For as long as I can remember, my passion has been about explaining things to people. Just ask anyone who’s known me for more than a day or two, and they’ll tell you — sometimes with the pejorative “know-it-all.” It’s not about inflating my ego, though; I just want to share the information!
But if I’ve learned anything over the years, it’s that most people don’t want to be “explained to,” especially on the job and even in the guise of training. However, most of the training we make — especially e-learning — is just that: spewing a lot of information that, while correct and possibly even interesting, isn’t going to be retained. This is not a new revelation, and we all know the basic reasons why: the content is not focused on just what the learner needs on the job, and it’s not provided at the time and place the learner needs it.
Enabled Performance Is Workplace Learning
Fortunately, the rise of mobile delivery and its facilitation of just-in-time performance support are giving us an exciting way out of the addiction to the explain-and-test model of learning. It’s also leading instructional designers into what can seem like uncharted territory. But if we embrace the concept of learning as performance enablement, we can borrow best practices from the world of software development — user experience (UX) design in particular.
UX design tells us that we must start any project by looking at it from the user’s (learner’s) point of view. Instead of determining what we think they ought to know, we find out what information they need to handle typical tasks, issues, or pain points on the job. This is not too different from needs and task analyses, but it goes a step or two further by creating an experience map.
Experience Maps Lead to Effective Performance Support
Experience maps can be called different things: use scenarios, journey maps, or storylines. Whatever the name, you create them using these steps:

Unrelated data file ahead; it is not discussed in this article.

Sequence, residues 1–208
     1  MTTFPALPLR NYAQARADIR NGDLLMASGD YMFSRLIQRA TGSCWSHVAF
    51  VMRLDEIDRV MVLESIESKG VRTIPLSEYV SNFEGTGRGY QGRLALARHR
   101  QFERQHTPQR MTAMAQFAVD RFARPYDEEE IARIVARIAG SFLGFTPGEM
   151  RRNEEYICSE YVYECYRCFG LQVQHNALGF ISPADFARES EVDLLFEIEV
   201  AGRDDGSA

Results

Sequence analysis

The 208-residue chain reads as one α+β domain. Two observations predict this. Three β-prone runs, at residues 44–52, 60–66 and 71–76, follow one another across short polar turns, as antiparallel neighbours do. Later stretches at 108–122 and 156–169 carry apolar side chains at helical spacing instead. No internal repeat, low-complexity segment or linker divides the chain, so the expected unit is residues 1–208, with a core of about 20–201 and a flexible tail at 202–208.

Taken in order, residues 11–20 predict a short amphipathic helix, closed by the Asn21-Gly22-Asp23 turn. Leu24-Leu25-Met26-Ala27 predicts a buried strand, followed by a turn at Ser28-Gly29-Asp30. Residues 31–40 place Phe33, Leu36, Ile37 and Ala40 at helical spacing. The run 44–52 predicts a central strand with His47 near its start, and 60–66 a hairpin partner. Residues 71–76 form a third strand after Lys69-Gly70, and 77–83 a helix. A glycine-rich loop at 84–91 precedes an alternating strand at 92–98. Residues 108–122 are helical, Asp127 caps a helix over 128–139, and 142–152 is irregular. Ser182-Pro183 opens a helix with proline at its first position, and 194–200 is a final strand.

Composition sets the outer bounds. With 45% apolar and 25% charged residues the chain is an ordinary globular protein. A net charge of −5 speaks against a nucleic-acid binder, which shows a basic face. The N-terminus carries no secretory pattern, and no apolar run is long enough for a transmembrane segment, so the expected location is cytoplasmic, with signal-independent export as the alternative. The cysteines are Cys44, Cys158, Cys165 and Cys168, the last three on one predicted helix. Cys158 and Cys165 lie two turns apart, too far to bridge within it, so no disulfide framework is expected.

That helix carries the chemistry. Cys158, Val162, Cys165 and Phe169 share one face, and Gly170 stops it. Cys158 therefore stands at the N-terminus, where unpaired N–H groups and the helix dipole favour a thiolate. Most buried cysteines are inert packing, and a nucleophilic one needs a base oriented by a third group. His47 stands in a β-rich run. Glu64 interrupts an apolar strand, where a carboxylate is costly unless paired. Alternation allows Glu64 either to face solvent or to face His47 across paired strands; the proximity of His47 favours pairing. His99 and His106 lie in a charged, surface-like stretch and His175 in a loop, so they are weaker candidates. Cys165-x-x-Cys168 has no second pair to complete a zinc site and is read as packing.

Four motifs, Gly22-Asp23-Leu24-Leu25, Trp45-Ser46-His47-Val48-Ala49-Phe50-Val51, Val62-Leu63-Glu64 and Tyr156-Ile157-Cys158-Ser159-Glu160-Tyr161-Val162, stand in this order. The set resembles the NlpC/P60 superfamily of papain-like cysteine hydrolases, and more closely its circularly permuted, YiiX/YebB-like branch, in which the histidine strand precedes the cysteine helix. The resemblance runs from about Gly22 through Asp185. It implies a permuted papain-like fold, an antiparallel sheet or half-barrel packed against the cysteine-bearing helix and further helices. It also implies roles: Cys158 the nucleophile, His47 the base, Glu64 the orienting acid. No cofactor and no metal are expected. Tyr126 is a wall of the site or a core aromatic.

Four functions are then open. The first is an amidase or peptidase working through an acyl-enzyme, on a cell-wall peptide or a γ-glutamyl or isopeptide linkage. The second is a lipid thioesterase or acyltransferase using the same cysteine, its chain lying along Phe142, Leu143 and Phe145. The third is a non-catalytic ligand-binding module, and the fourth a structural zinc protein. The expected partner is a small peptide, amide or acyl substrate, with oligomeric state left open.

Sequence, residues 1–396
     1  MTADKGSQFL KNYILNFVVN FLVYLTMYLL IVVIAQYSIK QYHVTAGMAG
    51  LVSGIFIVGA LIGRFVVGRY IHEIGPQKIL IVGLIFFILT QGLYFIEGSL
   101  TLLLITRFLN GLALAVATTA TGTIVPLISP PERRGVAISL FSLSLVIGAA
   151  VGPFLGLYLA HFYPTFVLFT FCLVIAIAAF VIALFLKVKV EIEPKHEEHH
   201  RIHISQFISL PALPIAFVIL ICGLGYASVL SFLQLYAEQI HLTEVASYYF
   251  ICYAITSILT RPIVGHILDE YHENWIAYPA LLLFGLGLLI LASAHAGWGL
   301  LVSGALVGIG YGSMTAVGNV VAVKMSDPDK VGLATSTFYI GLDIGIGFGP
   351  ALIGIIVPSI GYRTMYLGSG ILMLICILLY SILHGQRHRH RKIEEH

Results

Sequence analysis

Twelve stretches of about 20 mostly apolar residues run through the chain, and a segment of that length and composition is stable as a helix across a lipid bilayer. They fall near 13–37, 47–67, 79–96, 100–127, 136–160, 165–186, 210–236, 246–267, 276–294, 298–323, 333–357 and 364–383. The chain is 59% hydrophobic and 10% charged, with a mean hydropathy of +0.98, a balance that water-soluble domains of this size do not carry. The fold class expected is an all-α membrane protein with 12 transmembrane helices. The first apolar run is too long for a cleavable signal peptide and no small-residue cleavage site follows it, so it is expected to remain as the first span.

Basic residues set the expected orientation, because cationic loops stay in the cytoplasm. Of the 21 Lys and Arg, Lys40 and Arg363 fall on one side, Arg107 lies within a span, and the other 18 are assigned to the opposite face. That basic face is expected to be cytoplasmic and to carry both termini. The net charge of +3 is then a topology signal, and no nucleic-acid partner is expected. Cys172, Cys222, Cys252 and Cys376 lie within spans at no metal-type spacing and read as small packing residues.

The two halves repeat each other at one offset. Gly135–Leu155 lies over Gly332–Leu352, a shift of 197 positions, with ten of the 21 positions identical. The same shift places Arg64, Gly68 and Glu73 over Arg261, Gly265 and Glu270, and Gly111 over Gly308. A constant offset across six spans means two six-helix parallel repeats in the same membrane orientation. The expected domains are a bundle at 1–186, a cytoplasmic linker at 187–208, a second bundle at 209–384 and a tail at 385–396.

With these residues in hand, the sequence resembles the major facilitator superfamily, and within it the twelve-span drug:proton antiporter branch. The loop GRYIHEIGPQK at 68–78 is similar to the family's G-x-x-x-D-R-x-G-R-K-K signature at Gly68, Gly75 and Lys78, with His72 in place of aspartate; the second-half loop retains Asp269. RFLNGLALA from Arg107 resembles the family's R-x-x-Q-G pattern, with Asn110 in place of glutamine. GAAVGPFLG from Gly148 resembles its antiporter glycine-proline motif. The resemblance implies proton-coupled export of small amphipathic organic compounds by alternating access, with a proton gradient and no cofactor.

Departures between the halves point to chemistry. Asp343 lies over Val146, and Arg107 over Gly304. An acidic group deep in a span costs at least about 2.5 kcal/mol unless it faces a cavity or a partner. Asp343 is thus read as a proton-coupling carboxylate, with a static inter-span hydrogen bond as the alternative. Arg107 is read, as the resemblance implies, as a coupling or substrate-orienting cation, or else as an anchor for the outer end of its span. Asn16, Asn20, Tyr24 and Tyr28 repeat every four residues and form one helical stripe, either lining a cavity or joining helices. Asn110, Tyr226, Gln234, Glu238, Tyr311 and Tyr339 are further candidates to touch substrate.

- Define one or more user personas — characteristics of the typical person(s) who will use your learning asset, including both personal (education, experience, job responsibilities) and environmental (work location, workplace distractions, demands from others) factors.
- Determine key tasks, issues, and/or pain points each user persona will face on the job.
- Map the experience, showing how each user persona will interact with the learning asset to handle the key tasks, issues, and/or pain points within the work environment.
Naturally, you should interview and observe actual users to create your maps! Think of your map as a story, with a plot that includes a protagonist, action and conflict, a climax, and final resolution.
An experience map can take many forms: table, flowchart, diagram, storyboards, or comic strip. It can be rough sketches or a very refined presentation. Whatever the form, the key to a good experience map is defining what your learners will need, why they’ll need it, and how they’ll use it. This in turn will help you to determine your content scope and instructional strategies and to design the information architecture, user interface, and navigation.
Where to Start?
A good place to start learning more about experience mapping is Joyce Hostyn’s blog, “Designing Change,” in particular these posts:
- What Does Your Employee Experience Look Like?
- Visualizing the Customer Experience Using Customer Experience Journey Maps
Here’s a more academic look at experience mapping by Chris Risdon:
You’ll see that experience mapping can be applied anywhere, not just to software design. See if you can apply these concepts to your next learning or performance-support project, no matter what form it takes!
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